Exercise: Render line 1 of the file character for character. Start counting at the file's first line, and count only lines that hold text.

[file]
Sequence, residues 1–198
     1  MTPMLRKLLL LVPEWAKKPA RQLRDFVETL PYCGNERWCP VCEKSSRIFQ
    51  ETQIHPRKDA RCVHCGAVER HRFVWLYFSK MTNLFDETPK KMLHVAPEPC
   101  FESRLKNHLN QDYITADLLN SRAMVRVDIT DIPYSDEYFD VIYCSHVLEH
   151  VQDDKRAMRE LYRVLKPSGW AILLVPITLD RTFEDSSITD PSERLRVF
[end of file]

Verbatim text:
Sequence, residues 1–198